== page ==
‘Powers’ offers cerebral take on superhero genre

Sharlto Copley (Christian Walker), left, and Susan Heyward (Deena Pilgrim), right, play detectives in "Powers."

With its recent release of the comic book adaptation “Powers,” PlayStation crossed from the video game realm into the trending world of original streaming service programming. The first three episodes dropped on the PlayStation Network on March 10, with seven more episodes set to release one at a time every Tuesday.

“Powers” is a pretty good first effort from Sony Pictures Television for its cousin the PlayStation Network, which arrives late to the streaming trend pioneered by juggernauts like Netflix and Hulu. It is well-acted; the special effects aren’t too terrible; and – most importantly – it’s a viewing experience not found elsewhere.

The show revolves around Christian Walker, played by Sharlto Copley (“District 9” and “Chappie”). Walker is the ace detective of Powers Division, a section of the Chicago Police Department. Walker and his new partner, Deena Pilgrim (Susan Heyward), investigate crimes concerning superheroes and supervillains, who are referred to collectively as powers.

Walker shares a complicated history with the powers community. He was once Diamond, one of the city’s greatest superheroes, but he lost his powers in a fight with the monstrous Wolfe (Eddie Izzard). It’s unclear exactly what happened, but the struggle ended with Wolfe trapped in a sort-of Guantanamo Bay for supervillains.

“Powers” isn’t anything like the sparkly comic book TV series found on The CW. Unlike “Arrow” or “Smallville,” there is virtually no action in “Powers.” The first three episodes involve a slow but mildly intriguing verbal chess match between factions in which no one throws a punch.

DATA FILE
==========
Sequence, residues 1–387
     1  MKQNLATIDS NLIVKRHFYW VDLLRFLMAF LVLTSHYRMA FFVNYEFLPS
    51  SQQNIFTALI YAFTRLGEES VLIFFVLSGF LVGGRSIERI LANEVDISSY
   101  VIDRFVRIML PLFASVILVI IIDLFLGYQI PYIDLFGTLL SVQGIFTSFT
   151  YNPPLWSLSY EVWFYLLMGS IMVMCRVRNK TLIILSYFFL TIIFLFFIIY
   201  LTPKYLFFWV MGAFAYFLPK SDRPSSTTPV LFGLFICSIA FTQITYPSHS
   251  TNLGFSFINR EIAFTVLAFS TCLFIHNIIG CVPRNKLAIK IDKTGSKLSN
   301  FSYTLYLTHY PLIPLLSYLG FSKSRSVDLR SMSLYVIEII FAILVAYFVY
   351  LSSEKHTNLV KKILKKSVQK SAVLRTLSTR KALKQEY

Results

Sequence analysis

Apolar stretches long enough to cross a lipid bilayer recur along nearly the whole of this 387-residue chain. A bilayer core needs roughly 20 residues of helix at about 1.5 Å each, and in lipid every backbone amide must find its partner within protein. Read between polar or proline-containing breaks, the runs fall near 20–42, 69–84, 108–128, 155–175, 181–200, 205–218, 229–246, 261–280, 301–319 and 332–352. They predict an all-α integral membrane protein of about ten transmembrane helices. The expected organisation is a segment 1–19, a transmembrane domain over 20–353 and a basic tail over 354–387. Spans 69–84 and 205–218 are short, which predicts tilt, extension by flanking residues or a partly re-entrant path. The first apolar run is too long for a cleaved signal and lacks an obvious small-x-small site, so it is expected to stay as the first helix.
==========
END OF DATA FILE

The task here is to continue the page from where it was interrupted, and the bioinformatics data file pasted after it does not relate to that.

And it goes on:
I am not sure about this approach, but I am willing to give “Powers” a little bit of leash.

The seemingly villainous Johnny Royalle (Noah Taylor), an old friend of Walker’s who can teleport great distances, is an interesting character. He is almost certainly a bad guy; he murders and sells drugs. But Royalle seems to care about the other characters, and the motive for his crimes is left unclear.

The writing in “Powers” stalls occasionally, but the first three episodes seem to be driving towards a purpose. I am looking forward to what they do with Wolfe. He was once the strongest of the Powers and a mentor to many – including Walker. But now, he seems to be a chaotic beast unable to control his most basic behavior. Izzard, like many standup comedians, is a terrific dramatic actor. I am sure he will bring a force to the character.

The short bursts of action sprinkled throughout the first few “Powers” episodes are just enough to keep me interested. The powers’ abilities – lightning, fire, teleportation, etc. – are believably rendered through decent special effects.

However, it’s clear that “Powers” is something different. It’s similar to the film adaptation of the “Watchmen” graphic novel in that it focuses on the psychology of superheroes, but it lacks the action found in “Watchmen.” “Powers” is peppered with naughty four-letter words, but the violence and sex found in most mature TV shows isn’t there.

The next month will decide if “Powers” – and probably PlayStation’s TV future – will survive. It will either come together or fade away completely.

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